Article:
James was waiting for Robert at the office and, as the saying goes, “was loaded for bear.” James, the Department Director, had tolerated Robert’s behavior as long as he could stand it. Robert was a very smart person and a valuable asset to the company, but his attitude was dismissive to anyone who disagreed with him and he came across as patronizing and superior to all. His behavior was causing serious problems in the department.
So James had had enough. He was going to confront Robert and really give it to him. “I’m going to call him out on this. Put him in his place. He’ll see who’s boss!”
Freeze the frame right here! Among the many disastrous elements of this difficult, soon-to-be incendiary confrontation, let’s focus on one truly essential, elemental aspect.
James wasn’t thinking about his end goal — his big picture. The book, Crucial Conversations, written by Kerry Patterson, Joseph Grenny, Ron McMillan and Al Swizler, refers to this as an element of “starting with heart.” Having a difficult conversation is fraught with traps, and one of the biggest is getting emotional and feeding a short-term need. Yes, the desire to prove yourself “right,” win your point, deliver a devastating remark, or react to an emotional, angry response in-kind — fighting fire with fire — may feel good in the moment, but the victory, and the ego boost, will fade very quickly.
Then what? What’s been accomplished? In fact, things may now be even worse than they were before.
Wait, Why Do You Want to Have this Conversation?
Starting with heart means that you have thought through your desired outcome, and that you remain focused on it. Everything else is hubris. It also means that your desired outcome is in alignment with your values and the values of good leadership. Political sabotage or a play for power are not valid big picture goals.
Thinking beyond the immediate aggravation and frustration, James realized that what he really wanted was for Robert to treat people with more respect and share his expertise in a way that was not condescending or arrogant. Robert’s knowledge was important to the department, however, his delivery was turning people off, and he was in danger of being ignored or sabotaged by his colleagues. Starting with his heart, Robert wants to have a good, long-term working relationship with Robert — and he wants his department to thrive. That was James’ overriding objective, his big picture.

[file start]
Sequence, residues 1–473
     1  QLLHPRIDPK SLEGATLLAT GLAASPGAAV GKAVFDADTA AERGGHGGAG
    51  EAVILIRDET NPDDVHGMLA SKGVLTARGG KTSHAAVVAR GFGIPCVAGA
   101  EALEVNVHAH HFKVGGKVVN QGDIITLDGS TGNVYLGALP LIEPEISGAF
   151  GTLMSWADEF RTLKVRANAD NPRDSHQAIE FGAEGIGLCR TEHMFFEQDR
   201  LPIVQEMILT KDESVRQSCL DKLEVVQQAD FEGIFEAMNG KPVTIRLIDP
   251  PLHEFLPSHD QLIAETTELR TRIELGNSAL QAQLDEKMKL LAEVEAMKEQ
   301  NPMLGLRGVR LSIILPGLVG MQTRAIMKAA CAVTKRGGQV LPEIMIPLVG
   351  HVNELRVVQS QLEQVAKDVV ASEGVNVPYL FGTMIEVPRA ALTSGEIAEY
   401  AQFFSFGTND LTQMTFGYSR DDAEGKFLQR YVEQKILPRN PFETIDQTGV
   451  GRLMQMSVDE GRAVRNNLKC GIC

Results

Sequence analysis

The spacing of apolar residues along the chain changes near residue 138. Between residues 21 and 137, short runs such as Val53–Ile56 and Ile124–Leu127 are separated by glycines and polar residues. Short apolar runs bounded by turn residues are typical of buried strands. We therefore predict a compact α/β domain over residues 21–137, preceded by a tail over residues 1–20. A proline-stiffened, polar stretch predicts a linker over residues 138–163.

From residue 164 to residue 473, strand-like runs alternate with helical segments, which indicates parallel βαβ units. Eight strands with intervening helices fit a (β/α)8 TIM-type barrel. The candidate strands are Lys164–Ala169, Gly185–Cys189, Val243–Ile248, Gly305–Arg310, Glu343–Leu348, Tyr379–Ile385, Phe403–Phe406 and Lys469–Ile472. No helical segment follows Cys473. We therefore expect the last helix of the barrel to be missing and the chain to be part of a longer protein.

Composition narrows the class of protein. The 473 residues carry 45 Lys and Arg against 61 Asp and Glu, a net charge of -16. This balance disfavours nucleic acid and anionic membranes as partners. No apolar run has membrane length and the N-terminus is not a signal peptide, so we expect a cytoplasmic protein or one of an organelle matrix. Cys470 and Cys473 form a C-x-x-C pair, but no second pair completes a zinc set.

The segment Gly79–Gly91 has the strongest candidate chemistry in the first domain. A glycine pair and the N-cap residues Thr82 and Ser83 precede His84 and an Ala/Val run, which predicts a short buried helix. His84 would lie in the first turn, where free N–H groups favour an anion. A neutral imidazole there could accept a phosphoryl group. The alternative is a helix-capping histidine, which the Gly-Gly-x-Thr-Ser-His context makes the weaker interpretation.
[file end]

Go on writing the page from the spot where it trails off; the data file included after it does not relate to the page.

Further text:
James rethought how he would handle the conversation when Robert arrived. He realized that if he went on the offensive in the way he had been intending, he was more likely to get defensiveness, push-back, and even anger from Robert. That would not get James the things he truly wanted: behavior change from Robert and a relationship with him that was built on trust and good communication.
James decided to postpone the meeting with Robert until he could think through his approach a bit more. Two days later, when he did have the conversation with Robert, he was calmer, presented his feedback in a concise and non-emotional way (look for a future blog on the SBI model for offering feedback), and was able to hear from Robert what was going through Robert’s mind when he spoke to his colleagues. They built genuine trust — since James had established a psychologically safe atmosphere — and their relationship was stronger at the end of the conversation, rather than weaker.
Over the coming months, James watched as Robert worked to integrate the feedback he’d given. James realized that Robert had heard and reflected on his feedback much better than if James had blasted him out of frustration. Keeping his true end-goal in mind had helped James reframe the conversation in a much more productive way.
So before you yield to the temptation to hand someone their head on a platter, repeat the mantra, “big picture, big picture, big picture.” For more about having really tough conversations, read Arden Coaching’s blog, “Am I Having a Crucial Conversation?” and, “Having a Difficult Conversation? First, Fill the Pool of Shared Meaning.”
To learn more about communication, having tough conversations, and other essential leadership skills, contact us at [email protected] or 646.684.3777.